Would I want my daughter to take up with someone like me? She of golden curl, so much like her mother. I dote on her. No one will be good enough for her. No local hoon, no sophisticate wastrel. Do you suggest there is something wrong with me? My family are cared for, they are safe, they live in love and relative comfort. They are fiercely protected.

I can avoid the question. There is no one like me. You can point to my cocooned acquaintances, but they are not me. They failed. They succumbed. They did not act with deliberation, they were led. If you falter, she is la belle dame sans mercy. She will not hesitate; she will show no regret. To pierce is her nature, and she will not betray it.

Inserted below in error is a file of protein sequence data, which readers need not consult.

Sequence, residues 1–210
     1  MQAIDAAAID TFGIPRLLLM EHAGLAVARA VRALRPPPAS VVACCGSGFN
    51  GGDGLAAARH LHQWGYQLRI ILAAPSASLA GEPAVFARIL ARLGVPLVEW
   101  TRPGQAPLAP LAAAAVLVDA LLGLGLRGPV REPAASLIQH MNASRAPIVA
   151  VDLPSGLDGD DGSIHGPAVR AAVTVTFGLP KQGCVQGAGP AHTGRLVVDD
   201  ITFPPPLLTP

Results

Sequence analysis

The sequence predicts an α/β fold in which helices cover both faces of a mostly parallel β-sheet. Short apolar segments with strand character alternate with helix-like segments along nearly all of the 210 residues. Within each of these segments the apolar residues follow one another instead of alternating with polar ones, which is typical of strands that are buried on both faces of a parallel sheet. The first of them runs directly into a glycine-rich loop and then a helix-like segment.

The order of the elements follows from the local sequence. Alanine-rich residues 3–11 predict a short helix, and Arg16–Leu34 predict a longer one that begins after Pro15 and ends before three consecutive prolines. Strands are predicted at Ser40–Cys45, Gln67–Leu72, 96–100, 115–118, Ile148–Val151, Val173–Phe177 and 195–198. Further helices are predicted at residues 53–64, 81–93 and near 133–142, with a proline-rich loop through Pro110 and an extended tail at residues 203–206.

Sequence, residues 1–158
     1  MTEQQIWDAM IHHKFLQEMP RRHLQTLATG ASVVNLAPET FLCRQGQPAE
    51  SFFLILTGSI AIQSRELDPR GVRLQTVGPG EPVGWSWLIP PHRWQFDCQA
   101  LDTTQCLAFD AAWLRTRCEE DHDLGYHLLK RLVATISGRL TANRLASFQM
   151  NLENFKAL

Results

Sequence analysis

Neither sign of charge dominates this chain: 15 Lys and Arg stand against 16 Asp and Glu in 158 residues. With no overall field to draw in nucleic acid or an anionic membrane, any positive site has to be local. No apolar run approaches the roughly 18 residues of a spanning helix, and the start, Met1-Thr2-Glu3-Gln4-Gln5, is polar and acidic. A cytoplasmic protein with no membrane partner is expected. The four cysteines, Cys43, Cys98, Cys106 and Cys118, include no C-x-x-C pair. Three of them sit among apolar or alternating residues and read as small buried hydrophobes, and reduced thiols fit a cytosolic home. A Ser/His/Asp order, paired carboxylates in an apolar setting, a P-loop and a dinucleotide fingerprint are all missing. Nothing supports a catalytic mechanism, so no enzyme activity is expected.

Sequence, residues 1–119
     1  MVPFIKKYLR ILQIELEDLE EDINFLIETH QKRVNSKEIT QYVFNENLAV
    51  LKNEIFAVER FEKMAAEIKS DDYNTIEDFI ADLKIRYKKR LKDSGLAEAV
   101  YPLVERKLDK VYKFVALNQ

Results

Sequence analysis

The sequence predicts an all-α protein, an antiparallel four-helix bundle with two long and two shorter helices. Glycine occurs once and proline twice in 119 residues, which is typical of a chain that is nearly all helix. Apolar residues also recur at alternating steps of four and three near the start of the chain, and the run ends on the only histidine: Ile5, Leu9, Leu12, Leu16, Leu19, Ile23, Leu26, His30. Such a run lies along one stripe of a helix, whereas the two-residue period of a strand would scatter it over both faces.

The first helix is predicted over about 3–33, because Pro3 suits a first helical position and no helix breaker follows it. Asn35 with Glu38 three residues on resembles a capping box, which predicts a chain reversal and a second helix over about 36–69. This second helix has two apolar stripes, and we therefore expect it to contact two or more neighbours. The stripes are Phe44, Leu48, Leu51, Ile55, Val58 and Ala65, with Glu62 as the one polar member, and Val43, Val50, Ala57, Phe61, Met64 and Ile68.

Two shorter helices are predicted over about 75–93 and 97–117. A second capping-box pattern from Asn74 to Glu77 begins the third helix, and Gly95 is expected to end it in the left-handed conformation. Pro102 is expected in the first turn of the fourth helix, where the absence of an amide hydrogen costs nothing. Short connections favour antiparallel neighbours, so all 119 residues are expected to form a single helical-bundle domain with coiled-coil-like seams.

Dear Celia. Why would you think she is not at least a little like me?

I will spare you the details of my return home. It is well practiced. The satchel contains compact microfibre towels and an excellent cleaning product. It is not long before I retrace my steps in a business-like fashion. The end of the evening has wiped away any smile. There is no post petite mort reverie. Somewhere along the way I dispose of a few bags of my own rubbish, far from the scene and away from my house. My differences are kept from the gaze of the hoi polloi.